ALLEGATIONS OF STOLEN CHILDREN, DRUGS, ABUSE AND A LEADER WHO CLAIMED TO BE THE SECOND COMING OF CHRIST -
"48 HOURS" INVESTIGATES THE TRAIL OF A CULT THAT BEGAN IN AUSTRALIA AND LED THE FBI TO NEW YORK
48 HOURS PRESENTS: "The Family," Saturday, Feb. 24, 9:00-11:00 PM, ET/PT
To some, Anne Hamilton-Byrne was a yoga teacher with a penchant for plastic surgery. To others, she was the evil leader of the Family, an apocalyptic cult with about 500 followers and more than 28 children. Some of the children were stolen at birth from unwed mothers, while others were the children of cult members.
Peter Van Sant brings viewers their dramatic stories in an encore of 48 HOURS PRESENTS: "The Family" to be broadcast Saturday, Feb. 24 (9:00-11:00 PM, ET/PT) on the CBS Television Network. In the two-hour broadcast, Van Sant and 48 HOURS track the cult from Melbourne, Australia to the Catskills region of New York.
48 HOURS PRESENTS: "The Family" is a terrifying story of one woman's attempt to build a perfect race through a collection of 28 children, some of whom were forced to have their hair bleached blonde, were home-schooled on an isolated property, and were injected with LSD as part of an initiation ritual.
"They were mean. They starved us. They beat us," says Leeanne Creese, who lived in the cult from birth until she was 17. "They did all sorts of horrible things to us."
48 HOURS PRESENTS: "The Family" is also the story of the incredible determination of a detective in Australia and an agent at the FBI to stop Hamilton-Byrne before the victim count could get higher.
"She's the most evil person that I've ever met," says Lex de Man, a former detective with the Victoria Police Department in Melbourne, Australia, who spent years trying to stop Hamilton-Byrne and her husband Bill Hamilton-Byrne.
Anne Hamilton-Byrne formed the Family in 1963. She changed some of the children's names to her own and in some cases made other followers leave their marriages to have children with new partners she selected. Some members of the Family gave their babies to her. But some came from unwed mothers, who were tricked into signing over their newborns to be raised by the cult, police say. Hamilton-Byrne was helped by members of the Family who were doctors and nurses at a nearby hospital. The children of the cult, now adults, tell 48 HOURS harrowing stories of the treatment they received by some of the women known as "Aunties," loyal cult members who cared for the children. Many of the children had no idea who their real parents were until the cult was broken up.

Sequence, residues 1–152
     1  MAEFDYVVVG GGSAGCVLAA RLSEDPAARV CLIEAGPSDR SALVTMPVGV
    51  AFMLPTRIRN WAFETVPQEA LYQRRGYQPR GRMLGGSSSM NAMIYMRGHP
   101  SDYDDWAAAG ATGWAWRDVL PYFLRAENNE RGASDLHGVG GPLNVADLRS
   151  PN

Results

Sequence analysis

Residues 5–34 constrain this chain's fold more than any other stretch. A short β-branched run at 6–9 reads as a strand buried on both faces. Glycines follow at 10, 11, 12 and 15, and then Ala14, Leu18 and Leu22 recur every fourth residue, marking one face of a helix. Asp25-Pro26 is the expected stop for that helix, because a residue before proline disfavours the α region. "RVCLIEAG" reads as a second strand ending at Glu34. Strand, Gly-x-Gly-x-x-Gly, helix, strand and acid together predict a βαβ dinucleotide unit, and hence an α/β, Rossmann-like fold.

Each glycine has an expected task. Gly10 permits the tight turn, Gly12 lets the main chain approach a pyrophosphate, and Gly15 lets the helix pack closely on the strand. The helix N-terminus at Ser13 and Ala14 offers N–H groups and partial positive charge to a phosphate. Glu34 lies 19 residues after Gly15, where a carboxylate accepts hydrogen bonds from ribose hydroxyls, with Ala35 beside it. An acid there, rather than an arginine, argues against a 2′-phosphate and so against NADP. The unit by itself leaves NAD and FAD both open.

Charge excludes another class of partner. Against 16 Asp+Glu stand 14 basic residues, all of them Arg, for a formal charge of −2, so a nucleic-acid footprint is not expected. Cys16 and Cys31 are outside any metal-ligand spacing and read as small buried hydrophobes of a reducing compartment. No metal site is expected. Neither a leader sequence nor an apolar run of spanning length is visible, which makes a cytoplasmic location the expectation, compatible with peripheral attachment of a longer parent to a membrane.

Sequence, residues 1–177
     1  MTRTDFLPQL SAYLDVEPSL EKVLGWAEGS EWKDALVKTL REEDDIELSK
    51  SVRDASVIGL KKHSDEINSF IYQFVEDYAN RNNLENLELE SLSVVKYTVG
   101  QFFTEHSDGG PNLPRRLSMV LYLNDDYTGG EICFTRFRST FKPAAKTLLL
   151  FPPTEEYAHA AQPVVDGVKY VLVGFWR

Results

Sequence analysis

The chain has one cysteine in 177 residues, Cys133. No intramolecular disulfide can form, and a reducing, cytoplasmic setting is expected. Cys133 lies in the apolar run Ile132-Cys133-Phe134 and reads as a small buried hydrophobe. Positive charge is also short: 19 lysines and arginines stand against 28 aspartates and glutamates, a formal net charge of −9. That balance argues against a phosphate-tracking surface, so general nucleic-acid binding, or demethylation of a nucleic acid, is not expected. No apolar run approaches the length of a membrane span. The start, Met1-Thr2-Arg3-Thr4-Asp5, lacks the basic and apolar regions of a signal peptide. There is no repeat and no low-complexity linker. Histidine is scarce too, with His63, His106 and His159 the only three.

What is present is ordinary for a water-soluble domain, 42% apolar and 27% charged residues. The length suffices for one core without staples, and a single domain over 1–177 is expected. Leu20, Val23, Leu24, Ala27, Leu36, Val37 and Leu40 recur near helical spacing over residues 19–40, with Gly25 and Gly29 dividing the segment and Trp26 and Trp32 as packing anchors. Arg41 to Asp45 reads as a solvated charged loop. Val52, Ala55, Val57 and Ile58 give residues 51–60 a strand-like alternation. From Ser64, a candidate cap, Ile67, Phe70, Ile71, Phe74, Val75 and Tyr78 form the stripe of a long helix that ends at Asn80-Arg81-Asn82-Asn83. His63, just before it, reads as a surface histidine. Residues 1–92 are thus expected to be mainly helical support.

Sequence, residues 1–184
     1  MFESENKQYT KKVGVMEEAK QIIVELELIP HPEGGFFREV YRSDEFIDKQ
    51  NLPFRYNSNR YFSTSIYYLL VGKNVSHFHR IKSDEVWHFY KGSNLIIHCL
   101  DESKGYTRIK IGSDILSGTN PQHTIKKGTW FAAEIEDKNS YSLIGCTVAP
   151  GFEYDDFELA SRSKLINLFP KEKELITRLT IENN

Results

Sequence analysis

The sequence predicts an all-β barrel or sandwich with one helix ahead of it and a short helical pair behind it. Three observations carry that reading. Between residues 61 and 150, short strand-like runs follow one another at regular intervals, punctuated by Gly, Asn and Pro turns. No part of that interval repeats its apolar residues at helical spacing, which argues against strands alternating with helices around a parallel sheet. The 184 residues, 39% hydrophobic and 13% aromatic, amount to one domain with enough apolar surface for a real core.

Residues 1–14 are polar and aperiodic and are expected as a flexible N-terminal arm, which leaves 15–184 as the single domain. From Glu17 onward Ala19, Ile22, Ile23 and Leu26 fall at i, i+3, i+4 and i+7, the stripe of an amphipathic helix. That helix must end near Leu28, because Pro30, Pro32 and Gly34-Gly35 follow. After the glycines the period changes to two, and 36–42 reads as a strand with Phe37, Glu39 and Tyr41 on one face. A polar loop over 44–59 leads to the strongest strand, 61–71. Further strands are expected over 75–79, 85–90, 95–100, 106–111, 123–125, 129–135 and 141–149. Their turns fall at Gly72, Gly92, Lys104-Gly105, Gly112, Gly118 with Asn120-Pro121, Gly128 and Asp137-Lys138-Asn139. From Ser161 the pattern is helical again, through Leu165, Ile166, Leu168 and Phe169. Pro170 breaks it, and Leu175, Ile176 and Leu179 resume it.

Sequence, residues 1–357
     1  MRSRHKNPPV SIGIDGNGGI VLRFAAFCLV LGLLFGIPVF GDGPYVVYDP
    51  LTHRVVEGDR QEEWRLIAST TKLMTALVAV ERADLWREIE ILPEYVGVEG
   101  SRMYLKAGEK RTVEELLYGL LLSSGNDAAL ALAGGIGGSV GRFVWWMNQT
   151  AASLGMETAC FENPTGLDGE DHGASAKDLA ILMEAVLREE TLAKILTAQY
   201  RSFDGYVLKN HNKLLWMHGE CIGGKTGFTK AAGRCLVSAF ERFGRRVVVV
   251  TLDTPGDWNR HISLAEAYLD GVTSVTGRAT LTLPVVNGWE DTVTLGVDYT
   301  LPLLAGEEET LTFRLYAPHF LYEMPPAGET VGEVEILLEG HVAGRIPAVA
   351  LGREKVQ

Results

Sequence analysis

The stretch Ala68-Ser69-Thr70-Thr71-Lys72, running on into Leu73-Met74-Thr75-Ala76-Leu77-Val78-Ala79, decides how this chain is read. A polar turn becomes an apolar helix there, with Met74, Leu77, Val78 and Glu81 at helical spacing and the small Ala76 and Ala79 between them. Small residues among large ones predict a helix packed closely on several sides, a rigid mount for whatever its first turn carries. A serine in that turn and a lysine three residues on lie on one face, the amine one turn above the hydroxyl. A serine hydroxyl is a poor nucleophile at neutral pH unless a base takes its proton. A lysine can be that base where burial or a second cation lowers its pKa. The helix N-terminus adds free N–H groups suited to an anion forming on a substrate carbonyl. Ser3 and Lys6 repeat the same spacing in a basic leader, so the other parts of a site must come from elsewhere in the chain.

But in 1987, after years of rumors and speculation about what was going on under Hamilton-Byrne's guidance, police stormed a rural property in Australia to rescue seven abused kids. Because there was no physical evidence and no prior police reports, the "Aunties" who had abused the children only faced charges relating to welfare fraud. Bill Hamilton-Byrne joined his wife overseas, and for years their whereabouts were unknown to authorities in Australia.
Finding Bill and Anne Hamilton-Byrne became de Man's obsession. He received a break in the case when Anne called one of the children who grew up in the cult from the U.S. Enter FBI Special Agent Hilda Kogut in New York, who would track her down to a farmhouse in the Catskills region.
How was the Family able to thrive in Melbourne for so many years, and why did it take so long for Australian officials to respond? And would those children of the cult ever get justice?
"Even today," de Man tells Van Sant, "the Family still lives in Australia. It still exists. There are still followers."
48 HOURS PRESENTS: "The Family" is a co-production with Australian filmmakers Rosie Jones and Anna Grieve. Paul LaRosa is the senior coordinating producer for 48 HOURS. Jones and Grieve are the senior producers. Clare Friedland and Kat Teurfs are the producers. Gabriella Demirdjian is the associate producer. Phil Tangel, Joan Adelman, Marcus Balsam, Richard Barber, Marlon Disla and Diana Modica are the editors. Linda Martin is the update producer. Anthony Batson is the senior broadcast producer. Barbara Ghammashi is executive producer with Women Make Movies. Nancy Kramer is the executive story editor. Susan Zirinsky is the senior executive producer.
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